Though they might not register as one of the top causes of death like, say, heart disease or cancer, falls are responsible for at least 420,000 fatalities per year around the world. And when it comes to injury-related deaths, they are second only to car accidents!

While most of us aren’t expecting to find ourselves in a situation in which we’d fall from a serious height—we’d like to keep our feet planted firmly on the ground at all times, thank you—we’d be remiss if we didn’t acknowledge that it happens far more than we might think. That’s why it’s important to know how to survive something like a fall.

Didn’t think it was possible? Well, it is—so long as you know the proper techniques!

Though most people don’t think about this sort of thing, falling is the second-leading cause of injury-related deaths every year (the first is being involved in a car accident). Given that most of us aren’t typically jumping out of planes or standing on high ledges, you might be wondering: what’s my risk? And why do I need to care?


For Alcides and Edgar Moreno, however, there were plenty of reasons to care. As professional window washers, the Ecuadorian immigrant brothers spent every day high above the busy streets of Manhattan in order to do their jobs.


They were able to perform their job just fine… until one fateful day in December 2007. The brothers were about to work on the Solow Tower, which was a 47-story apartment building on the Upper East Side. When they stepped out onto the scaffolding, however, they felt the anchors holding it in place give way—sending the entire support structure and the brothers plummeting to the ground below. Tragically, Edgar was killed almost instantly after hitting the top of a wooden fence. Alcides, however, was discovered in a different state…


Paramedics who arrived on the scene found Alcides alive and breathing. They rushed him to a hospital four blocks away, and, amazingly, he survived. To explain his unlikely survival, Alcides credits his training: he lay flat and clung to the platform as he fell.


That was what he and his fellow window washers were told to do in the worst-case scenario. If you were to fall from a great height and didn’t have scaffolding to hold onto, what should you do? Well, there are several methods—and they could prove to be lifesavers.


Even though the majority of fall-related injuries occur inside the home and not off of skyscrapers, it’s worth it to learn how to fall in case you ever find yourself in that situation. Whether it’s from up high or just in the shower, we could all stand to have this knowledge in our back pockets. So, what’s the secret to survival?


Because they are so common, doctors have started to think of accidental falls as less of a unpredictable hazard and more of an inevitability that needs to be prepared for. There are all kinds of ways that people can fall, from slipping to losing consciousness to—as the Moreno brothers show—the ground or supports below your feet simply giving way.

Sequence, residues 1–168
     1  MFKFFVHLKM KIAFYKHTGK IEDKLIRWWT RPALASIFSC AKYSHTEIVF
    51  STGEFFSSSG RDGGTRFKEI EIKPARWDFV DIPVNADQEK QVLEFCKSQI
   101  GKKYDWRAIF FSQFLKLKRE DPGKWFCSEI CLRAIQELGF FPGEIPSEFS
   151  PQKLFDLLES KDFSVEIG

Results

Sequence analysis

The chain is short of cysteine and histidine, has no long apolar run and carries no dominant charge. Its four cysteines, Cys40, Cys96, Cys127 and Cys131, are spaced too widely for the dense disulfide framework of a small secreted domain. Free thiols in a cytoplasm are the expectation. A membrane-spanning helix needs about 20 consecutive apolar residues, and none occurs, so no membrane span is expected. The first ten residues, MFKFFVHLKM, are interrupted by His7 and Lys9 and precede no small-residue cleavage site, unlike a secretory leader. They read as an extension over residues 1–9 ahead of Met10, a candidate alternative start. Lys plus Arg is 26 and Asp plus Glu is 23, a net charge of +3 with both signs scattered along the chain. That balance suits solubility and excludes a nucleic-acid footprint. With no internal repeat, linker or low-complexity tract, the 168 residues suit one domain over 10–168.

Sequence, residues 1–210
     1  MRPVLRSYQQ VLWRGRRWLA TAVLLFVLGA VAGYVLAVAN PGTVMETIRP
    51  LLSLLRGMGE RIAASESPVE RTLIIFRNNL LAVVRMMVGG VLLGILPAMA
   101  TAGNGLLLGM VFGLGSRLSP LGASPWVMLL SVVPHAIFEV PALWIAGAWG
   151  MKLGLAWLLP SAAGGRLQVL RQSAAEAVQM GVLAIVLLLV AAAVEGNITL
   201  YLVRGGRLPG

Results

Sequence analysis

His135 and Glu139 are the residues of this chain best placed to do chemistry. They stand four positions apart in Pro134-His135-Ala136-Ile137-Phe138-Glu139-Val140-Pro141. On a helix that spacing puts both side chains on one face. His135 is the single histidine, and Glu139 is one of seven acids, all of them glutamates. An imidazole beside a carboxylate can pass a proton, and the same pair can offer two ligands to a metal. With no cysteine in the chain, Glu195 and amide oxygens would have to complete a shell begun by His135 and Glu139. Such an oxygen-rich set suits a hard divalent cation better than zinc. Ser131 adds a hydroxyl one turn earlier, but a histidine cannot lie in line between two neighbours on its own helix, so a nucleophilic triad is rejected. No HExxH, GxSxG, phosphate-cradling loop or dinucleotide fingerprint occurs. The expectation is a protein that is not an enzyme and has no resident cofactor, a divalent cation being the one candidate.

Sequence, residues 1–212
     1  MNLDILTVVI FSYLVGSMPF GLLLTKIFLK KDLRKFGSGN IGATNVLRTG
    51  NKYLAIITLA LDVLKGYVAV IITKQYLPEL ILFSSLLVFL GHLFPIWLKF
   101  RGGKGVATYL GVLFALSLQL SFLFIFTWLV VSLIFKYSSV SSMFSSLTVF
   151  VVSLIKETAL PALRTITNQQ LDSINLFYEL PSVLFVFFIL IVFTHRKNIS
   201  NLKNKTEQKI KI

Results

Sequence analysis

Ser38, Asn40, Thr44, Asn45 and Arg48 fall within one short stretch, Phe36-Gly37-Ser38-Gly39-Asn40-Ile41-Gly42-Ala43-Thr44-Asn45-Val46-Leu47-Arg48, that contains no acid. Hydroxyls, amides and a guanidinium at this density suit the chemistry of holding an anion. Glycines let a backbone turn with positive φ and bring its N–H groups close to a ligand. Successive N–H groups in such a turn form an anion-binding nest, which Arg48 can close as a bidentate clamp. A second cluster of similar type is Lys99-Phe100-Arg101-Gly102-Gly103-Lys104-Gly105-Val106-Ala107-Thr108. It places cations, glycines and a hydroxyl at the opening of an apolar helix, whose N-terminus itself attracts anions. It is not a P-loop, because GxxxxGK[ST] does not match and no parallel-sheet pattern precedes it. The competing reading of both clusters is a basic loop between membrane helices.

“We can think of falls as having three stages: initiation, descent, and impact,” explained Dr. Stephen Robinovitch, a professor for the School of Engineering Science and the Department of Biomedical Physiology and Kinesiology at Simon Fraser University.


“We have found that falls among older adults in long-term care are just as likely to occur during standing and transferring as during walking,” Dr. Robinovitch elaborated. Of the cases he studied, only three percent were due to slips and 21 percent due to trips. That’s compared to a whopping 41 percent caused by incorrect weight-shifting.


In the event of a fall, it’s important to know what actions to take. Whether the fall is from a skyscraper or not, the safety principles are similar. First, it’s essential to protect your head. After that, most experts suggest that the key is to roll and try and ensure that the fleshy parts of your body absorb the brunt of the impact.


“You want to reach back for the floor with your hands,” suggested Chuck Coyle. The fight director at the Lyric Opera of Chicago, Chuck is responsible for instructing actors how to properly fall on stage. “Distribute the weight on the calf, thigh, into the glutes, rolling on the outside of your leg as opposed to falling straight back,” he said. Sure, it’s still risky, and it could result in a broken wrist—but a broken wrist sure beats a broken hip!


Beyond these techniques, those who have a high risk of falling should look into fall-proofing their homes and routines. Removing loose carpets, installing safety bars in the shower, and making sure stairs are well-lit are some important precautions to keep in mind.


Likewise, it’s important to simply pay attention. Walking while using a cell phone can lead to problems for just about anyone, but it’s especially hazardous for those with balance issues. Even something as simple as wearing shoes with good tread can make a world of difference!


Also, it’s important to take proper care of your body. This means strengthening your muscles, especially in your core and lower body, and eating a diet that promotes healthy bone density. These might seem like obvious measures, but they’re easier said than done!


Since his fall, Alcides and his family have moved to Phoenix, Arizona. He wasn’t able to return to work, but he received a sizable settlement after it was revealed that the scaffolding company hadn’t secured it properly. He and his wife just celebrated the birth of their fourth child as well. While being able to survive a fall like his is rare, it’s safe to say that, without his kind of training, he wouldn’t have had a chance at all.


In all likelihood, you’re not going to end up in a situation like Edgar and Alcides Moreno. There is a good chance that something far more common—like a fall in the shower—could happen, though. That’s why it’s smart to be prepared!

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